Prior to 2015, a violation of Section 11350 was always a felony and could not be reduced to a misdemeanor under any circumstances. Prior to January 1, 2015, a violation of Section 11377 was considered a “wobbler” under California law, meaning a conviction could be a felony or a misdemeanor, at the discretion of a prosecutor or a judge. However, beginning January 1, 2015, all violations of California Health and Safety Code Section 11350 and 11377 are considered misdemeanors and cannot be charged as felonies unless the defendant has prior convictions for specific “serious and violent” felonies or is a registered sex offender pursuant to California Penal Code Section 290.
To be convicted of violating Health and Safety Code Section 11350 or 11377, a prosecutor must be able to prove that a defendant:
- Had control or the ability to exercise control over the controlled substance in question;
- Knew of the presence of the controlled substance;
- Knew it was a controlled substance; and
- That the controlled substance was in such a quantity that its use could be effectuated (essentially, enough to use)
Being charged with a violent crime or sexual assault can be the most difficult and onerous type of charge to face, particularly because they carry the most severe penalties and sentences. No person facing allegations of violence or sexual assault should ever appear in court without the assistance of a qualified and experienced criminal defense attorney to advocate on their behalf; the consequences of proceeding without assistance are simply too grave.
While the list of possible financial crimes are too numerous to comprehensively list in a short explanation, common charges are bank fraud, forgery, check fraud, insurance fraud, welfare fraud, embezzlement, extortion, and more. Because of the complex nature of the various types of financial crimes, it its incumbent on individuals accused of these types of offenses to seek help. Financial records can often be manipulated to it appear that the individual accused has been engaged in more egregious conduct than he or she has actually taken part in, and sometimes a thorough and alternative analysis of the facts can establish that no crime occurred at all.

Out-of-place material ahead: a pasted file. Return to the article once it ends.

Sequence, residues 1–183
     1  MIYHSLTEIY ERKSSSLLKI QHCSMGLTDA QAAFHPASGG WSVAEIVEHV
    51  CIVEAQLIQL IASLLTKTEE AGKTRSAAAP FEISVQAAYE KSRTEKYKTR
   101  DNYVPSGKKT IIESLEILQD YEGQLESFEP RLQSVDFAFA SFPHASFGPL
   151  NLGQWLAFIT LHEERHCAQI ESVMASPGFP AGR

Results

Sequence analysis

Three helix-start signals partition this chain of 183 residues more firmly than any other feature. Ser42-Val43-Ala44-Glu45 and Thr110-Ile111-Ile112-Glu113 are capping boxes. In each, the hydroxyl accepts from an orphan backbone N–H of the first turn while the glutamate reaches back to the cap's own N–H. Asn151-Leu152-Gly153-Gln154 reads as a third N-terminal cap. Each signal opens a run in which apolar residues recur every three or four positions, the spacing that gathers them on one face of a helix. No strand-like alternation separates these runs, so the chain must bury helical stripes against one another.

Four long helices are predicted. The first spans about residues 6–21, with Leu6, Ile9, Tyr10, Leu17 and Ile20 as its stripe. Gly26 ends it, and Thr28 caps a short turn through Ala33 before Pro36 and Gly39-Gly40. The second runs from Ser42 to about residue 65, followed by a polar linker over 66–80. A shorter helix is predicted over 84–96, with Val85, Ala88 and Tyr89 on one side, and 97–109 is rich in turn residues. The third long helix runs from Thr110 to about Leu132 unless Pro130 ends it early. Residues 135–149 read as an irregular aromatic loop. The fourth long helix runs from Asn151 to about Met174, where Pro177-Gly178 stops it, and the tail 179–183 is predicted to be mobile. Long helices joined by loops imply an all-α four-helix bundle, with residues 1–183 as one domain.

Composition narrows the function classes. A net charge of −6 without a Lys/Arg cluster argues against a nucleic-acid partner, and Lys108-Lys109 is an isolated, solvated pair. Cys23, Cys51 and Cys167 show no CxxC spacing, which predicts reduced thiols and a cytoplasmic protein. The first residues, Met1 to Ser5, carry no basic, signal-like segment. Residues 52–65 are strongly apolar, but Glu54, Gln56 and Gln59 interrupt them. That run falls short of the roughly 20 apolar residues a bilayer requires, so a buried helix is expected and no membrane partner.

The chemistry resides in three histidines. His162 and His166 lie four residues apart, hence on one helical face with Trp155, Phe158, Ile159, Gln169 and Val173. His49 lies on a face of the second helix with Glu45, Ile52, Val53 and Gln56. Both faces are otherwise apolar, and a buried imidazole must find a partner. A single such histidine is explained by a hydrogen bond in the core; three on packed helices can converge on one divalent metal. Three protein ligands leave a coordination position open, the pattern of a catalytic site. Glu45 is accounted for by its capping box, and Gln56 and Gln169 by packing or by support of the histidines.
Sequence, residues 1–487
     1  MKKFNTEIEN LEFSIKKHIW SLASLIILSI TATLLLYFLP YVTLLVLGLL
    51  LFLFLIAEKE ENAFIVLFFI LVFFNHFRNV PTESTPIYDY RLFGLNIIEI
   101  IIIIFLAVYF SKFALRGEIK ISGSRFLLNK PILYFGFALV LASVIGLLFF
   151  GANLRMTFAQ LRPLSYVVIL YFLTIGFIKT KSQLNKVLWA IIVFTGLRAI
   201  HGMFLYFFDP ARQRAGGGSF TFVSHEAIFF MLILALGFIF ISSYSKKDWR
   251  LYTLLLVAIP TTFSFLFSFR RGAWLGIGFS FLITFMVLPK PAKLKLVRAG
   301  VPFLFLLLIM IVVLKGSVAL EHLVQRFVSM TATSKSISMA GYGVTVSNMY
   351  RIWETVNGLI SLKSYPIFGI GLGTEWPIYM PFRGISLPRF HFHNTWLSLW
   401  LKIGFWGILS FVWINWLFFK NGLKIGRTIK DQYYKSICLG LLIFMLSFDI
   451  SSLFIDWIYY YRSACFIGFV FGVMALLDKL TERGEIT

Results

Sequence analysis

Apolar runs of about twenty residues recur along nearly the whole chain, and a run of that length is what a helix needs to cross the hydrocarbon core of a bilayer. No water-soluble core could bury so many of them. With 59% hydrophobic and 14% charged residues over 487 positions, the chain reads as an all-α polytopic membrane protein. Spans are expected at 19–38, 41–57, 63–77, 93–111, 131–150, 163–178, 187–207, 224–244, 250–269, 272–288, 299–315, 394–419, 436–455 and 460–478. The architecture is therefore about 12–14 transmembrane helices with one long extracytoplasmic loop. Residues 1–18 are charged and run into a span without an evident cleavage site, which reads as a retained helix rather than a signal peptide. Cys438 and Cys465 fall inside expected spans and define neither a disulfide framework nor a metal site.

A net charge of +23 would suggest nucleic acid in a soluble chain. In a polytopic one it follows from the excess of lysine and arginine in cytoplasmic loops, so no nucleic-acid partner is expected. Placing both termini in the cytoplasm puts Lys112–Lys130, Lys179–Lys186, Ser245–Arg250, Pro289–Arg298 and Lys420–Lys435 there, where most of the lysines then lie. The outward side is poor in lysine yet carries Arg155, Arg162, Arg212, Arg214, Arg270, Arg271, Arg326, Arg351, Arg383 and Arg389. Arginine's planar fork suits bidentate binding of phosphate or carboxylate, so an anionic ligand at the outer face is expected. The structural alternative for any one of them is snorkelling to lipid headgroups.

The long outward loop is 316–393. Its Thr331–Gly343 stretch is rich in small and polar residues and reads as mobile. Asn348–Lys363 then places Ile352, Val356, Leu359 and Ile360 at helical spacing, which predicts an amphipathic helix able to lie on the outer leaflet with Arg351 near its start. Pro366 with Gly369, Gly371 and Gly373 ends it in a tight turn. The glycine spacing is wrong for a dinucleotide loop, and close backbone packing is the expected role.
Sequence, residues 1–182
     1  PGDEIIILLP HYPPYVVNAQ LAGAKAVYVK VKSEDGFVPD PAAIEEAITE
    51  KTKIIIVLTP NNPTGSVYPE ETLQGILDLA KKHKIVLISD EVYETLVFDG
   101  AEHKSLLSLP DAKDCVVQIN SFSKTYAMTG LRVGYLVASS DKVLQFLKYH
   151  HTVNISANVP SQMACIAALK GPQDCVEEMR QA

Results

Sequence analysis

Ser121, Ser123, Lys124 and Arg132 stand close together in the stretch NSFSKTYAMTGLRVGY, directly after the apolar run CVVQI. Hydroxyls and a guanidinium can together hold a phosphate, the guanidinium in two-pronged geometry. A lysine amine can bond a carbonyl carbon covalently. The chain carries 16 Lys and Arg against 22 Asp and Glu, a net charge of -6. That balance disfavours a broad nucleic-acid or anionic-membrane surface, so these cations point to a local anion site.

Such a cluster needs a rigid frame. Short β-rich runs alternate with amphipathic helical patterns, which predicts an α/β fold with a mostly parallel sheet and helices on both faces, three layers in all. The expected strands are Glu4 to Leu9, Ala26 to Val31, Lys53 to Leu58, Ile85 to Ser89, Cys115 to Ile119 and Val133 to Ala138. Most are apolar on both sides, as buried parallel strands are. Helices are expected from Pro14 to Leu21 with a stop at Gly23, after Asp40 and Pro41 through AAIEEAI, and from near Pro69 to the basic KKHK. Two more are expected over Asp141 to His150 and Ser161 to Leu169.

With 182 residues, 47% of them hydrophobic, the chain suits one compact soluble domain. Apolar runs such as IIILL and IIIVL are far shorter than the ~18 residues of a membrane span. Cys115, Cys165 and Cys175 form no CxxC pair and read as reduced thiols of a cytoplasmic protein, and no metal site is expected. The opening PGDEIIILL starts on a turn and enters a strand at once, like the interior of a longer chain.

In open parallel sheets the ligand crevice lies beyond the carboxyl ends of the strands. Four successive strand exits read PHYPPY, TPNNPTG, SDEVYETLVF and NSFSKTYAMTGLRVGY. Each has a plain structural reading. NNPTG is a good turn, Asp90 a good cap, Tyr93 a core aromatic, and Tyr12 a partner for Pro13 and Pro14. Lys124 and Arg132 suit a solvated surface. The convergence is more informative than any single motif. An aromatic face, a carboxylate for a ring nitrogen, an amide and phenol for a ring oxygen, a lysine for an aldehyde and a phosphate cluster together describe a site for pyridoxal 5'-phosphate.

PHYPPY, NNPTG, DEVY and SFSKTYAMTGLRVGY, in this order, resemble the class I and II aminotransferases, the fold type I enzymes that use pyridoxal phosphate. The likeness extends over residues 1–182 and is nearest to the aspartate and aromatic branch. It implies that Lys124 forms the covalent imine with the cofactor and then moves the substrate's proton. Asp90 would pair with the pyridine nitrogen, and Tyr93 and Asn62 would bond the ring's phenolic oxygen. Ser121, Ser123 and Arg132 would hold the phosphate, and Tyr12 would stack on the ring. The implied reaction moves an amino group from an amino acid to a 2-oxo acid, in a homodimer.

Solicitation of Prostitution
Solicitation is a general term and is the most commonly filed type of offense under California Penal Code Section 647(b). While Penal Code 647(b) regulates three specific behaviors, solicitation is the most commonly charged because of the practicalities of prostitution arrests.
First, it should be noted that Penal Code 647(b) prohibits engaging in an act of prostitution, the exchange of sexual acts for money. The reason this type of behavior is rarely charged is because it requires evidence that an act between two individuals took place. More commonly, “sting” operations by law enforcement, designed to lead to an arrest, occur. This is why both prostitutes and their customers are usually charged with essentially attempting to engage in a sexual act (the soliciting) and not engaging in the act itself.
When law enforcement sets up a “sting” operation, they often conduct one of two types of operations. First, they often have male officers pretending to be customers seeking out prostitutes. These prostitutes, who then meet the male officers pretending to be customers, often make offers of sex in exchange for money. Once that offer is made, the prostitute has solicited the officer and a violation of Penal Code Section 647(b) has occurred.